The burger place that I had wanted to try was too crowded so I kept on walking further into town and then settled on, you guessed it, Icelandic Fish and Chips. (Don't worry I'll have plenty of time to go to the gym once I get back home). The restaurant is located right across from the harbor and the fish they offer depends on what they catch. Then you order which fish you want, the type of potatoes, and which sauce as well. I settled on cod and crispy potatoes and this basil garlic sauce – which was amazing. The fish was very fresh and the meal was very good considering that they are trying to make the meal healthy by not frying the potatoes and instead baking them, and loading the menu items with omega-3. It was definitely the healthiest fish-and-chips I've ever had but still tasted good.

The day was rainy, which limited sightseeing but at least the clouds give some illusion of nighttime. I wanted to try more food places in town so after walking around for a bit more I settled on Cafe Babalu, a delightfully quirky cafe in the city center, but genuinely quirky. There are a lot of cafes in town considering the population of Reykjavik is only 200,000 , but some of them close at 7 so I had to walk around quite a bit to find one that was open. The décor was all eclectic and none of the mugs matched. I ordered these banana and chocolate crepes with whipped cream with a cup of tea and it was yummy. Then I called it a day.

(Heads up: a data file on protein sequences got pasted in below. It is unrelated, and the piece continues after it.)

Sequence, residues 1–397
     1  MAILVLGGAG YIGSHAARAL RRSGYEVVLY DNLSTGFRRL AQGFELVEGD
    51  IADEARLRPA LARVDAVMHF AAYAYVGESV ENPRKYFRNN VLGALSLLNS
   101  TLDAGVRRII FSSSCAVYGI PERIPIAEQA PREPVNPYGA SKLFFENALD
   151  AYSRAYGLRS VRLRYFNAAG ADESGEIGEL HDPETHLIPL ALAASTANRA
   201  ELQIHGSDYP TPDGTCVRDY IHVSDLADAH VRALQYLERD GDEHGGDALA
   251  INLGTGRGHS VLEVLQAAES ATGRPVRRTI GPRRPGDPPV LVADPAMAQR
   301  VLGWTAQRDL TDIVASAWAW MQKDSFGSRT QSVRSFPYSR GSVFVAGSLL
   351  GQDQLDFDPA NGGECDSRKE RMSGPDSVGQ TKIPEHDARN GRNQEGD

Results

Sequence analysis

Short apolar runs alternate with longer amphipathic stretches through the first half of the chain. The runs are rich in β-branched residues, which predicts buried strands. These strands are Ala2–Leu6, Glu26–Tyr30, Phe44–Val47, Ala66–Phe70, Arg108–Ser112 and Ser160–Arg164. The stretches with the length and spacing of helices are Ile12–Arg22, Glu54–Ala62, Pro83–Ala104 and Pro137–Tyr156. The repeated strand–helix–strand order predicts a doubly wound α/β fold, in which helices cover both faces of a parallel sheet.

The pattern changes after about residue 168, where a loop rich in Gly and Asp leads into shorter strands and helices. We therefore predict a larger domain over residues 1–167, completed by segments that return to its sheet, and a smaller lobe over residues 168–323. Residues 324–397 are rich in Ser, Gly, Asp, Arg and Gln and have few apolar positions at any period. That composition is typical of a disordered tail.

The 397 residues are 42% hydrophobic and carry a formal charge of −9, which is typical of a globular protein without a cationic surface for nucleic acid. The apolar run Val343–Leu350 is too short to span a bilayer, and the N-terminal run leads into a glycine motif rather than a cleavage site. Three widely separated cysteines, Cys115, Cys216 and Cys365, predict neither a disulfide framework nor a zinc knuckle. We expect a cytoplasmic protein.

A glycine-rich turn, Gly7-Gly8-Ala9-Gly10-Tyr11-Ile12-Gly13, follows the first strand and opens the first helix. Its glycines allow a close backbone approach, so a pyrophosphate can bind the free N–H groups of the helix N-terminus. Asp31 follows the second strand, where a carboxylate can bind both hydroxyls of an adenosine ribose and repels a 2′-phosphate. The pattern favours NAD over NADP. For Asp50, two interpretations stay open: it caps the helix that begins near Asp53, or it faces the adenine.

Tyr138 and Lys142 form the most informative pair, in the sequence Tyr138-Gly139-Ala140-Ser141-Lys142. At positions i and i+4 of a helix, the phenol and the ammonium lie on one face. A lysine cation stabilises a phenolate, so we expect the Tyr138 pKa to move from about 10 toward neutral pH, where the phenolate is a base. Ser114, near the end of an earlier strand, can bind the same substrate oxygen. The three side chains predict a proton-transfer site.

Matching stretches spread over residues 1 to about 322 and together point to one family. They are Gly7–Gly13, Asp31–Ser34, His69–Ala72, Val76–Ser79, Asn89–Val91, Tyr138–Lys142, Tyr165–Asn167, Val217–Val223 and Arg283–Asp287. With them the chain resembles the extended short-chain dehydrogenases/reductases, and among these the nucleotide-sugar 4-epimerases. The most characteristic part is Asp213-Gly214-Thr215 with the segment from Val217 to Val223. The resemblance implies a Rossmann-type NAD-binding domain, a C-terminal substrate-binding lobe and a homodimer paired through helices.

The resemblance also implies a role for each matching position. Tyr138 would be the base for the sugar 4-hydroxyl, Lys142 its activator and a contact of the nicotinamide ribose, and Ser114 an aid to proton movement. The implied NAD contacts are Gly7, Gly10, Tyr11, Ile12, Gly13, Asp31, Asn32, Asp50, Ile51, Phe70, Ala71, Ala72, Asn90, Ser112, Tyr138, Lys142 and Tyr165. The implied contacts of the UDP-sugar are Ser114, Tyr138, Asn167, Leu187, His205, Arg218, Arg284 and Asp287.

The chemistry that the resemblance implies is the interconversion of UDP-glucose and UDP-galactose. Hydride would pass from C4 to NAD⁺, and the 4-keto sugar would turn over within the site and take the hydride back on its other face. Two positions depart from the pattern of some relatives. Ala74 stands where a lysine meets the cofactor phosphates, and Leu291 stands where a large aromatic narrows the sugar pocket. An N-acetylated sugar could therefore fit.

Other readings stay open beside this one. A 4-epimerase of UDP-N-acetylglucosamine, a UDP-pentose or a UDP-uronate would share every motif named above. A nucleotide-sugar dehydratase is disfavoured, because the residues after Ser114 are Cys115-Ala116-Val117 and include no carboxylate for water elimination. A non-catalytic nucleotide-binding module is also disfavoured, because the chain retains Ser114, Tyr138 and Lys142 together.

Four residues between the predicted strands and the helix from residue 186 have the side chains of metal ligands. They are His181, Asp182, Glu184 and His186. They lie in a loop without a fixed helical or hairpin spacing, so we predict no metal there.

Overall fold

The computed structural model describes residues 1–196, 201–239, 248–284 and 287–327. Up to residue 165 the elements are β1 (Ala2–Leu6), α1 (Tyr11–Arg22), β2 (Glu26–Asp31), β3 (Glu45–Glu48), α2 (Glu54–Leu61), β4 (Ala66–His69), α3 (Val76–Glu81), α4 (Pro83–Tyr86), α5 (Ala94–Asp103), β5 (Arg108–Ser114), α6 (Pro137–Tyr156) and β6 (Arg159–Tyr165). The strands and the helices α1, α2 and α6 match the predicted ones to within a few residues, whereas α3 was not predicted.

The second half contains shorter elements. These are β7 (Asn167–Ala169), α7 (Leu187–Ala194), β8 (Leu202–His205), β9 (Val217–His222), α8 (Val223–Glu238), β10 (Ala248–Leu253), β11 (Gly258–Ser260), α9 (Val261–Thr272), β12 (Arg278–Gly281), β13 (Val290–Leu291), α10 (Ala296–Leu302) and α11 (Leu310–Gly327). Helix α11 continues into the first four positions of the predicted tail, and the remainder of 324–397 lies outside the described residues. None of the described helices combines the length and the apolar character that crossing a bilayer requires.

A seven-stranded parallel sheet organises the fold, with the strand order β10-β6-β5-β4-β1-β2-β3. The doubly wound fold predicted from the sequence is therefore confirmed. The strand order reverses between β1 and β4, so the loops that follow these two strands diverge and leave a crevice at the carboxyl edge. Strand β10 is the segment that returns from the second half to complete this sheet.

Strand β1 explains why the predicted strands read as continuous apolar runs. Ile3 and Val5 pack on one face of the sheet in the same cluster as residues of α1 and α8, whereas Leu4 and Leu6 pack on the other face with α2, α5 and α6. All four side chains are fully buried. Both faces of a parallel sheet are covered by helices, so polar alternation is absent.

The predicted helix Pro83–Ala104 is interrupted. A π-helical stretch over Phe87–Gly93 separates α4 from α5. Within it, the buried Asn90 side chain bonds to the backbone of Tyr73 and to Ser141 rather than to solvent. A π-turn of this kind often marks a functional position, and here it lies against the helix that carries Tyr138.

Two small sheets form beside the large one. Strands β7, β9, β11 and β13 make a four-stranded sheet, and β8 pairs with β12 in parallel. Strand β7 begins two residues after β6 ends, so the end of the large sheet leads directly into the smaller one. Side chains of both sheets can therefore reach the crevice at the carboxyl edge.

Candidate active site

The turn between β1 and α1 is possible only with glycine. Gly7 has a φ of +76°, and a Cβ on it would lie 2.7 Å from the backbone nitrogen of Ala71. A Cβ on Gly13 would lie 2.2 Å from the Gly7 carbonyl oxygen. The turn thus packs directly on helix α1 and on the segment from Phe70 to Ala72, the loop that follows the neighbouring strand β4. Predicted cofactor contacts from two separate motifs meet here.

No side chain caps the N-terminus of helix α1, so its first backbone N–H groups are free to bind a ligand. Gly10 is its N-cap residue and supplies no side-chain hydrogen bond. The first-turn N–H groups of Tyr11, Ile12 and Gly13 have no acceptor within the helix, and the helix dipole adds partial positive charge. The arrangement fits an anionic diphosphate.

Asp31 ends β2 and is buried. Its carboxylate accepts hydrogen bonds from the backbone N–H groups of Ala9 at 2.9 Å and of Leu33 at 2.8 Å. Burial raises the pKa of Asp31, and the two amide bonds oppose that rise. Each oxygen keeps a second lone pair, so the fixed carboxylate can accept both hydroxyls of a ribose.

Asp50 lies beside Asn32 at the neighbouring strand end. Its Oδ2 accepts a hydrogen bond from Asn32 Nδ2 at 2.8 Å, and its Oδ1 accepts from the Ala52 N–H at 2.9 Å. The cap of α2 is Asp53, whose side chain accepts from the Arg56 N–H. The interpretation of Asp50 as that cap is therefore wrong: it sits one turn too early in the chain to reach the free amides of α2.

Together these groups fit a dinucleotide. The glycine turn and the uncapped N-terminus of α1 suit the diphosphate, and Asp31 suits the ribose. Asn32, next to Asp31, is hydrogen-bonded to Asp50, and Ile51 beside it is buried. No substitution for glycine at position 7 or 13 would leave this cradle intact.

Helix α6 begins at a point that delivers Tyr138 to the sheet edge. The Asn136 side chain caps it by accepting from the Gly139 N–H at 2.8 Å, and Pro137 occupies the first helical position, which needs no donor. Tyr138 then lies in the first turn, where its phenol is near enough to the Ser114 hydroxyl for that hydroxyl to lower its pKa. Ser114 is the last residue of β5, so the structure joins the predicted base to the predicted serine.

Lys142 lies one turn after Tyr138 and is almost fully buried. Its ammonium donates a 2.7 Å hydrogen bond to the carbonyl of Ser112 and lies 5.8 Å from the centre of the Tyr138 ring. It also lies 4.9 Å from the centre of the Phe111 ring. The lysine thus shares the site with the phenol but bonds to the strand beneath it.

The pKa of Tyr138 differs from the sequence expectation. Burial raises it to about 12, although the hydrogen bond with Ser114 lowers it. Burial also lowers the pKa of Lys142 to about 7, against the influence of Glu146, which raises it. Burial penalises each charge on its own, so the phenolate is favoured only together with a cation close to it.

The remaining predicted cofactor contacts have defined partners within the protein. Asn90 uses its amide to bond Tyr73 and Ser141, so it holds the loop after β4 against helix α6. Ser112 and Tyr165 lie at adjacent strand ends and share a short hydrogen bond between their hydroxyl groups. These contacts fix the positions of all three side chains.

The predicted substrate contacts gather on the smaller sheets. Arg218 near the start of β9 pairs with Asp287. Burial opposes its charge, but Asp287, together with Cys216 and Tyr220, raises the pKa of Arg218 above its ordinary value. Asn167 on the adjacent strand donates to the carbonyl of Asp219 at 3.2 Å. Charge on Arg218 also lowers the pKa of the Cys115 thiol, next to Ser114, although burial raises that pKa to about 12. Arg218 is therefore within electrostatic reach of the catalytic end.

Tomorrow I might go whale-watching if the weather is good. That's the last expensive activity I plan to do here. Otherwise I will finally check out the museums and continue to stuff myself with food before I get go Boston. I really do like this random food tour I'm doing around town and I think it'll be a nice way to end my time in Iceland.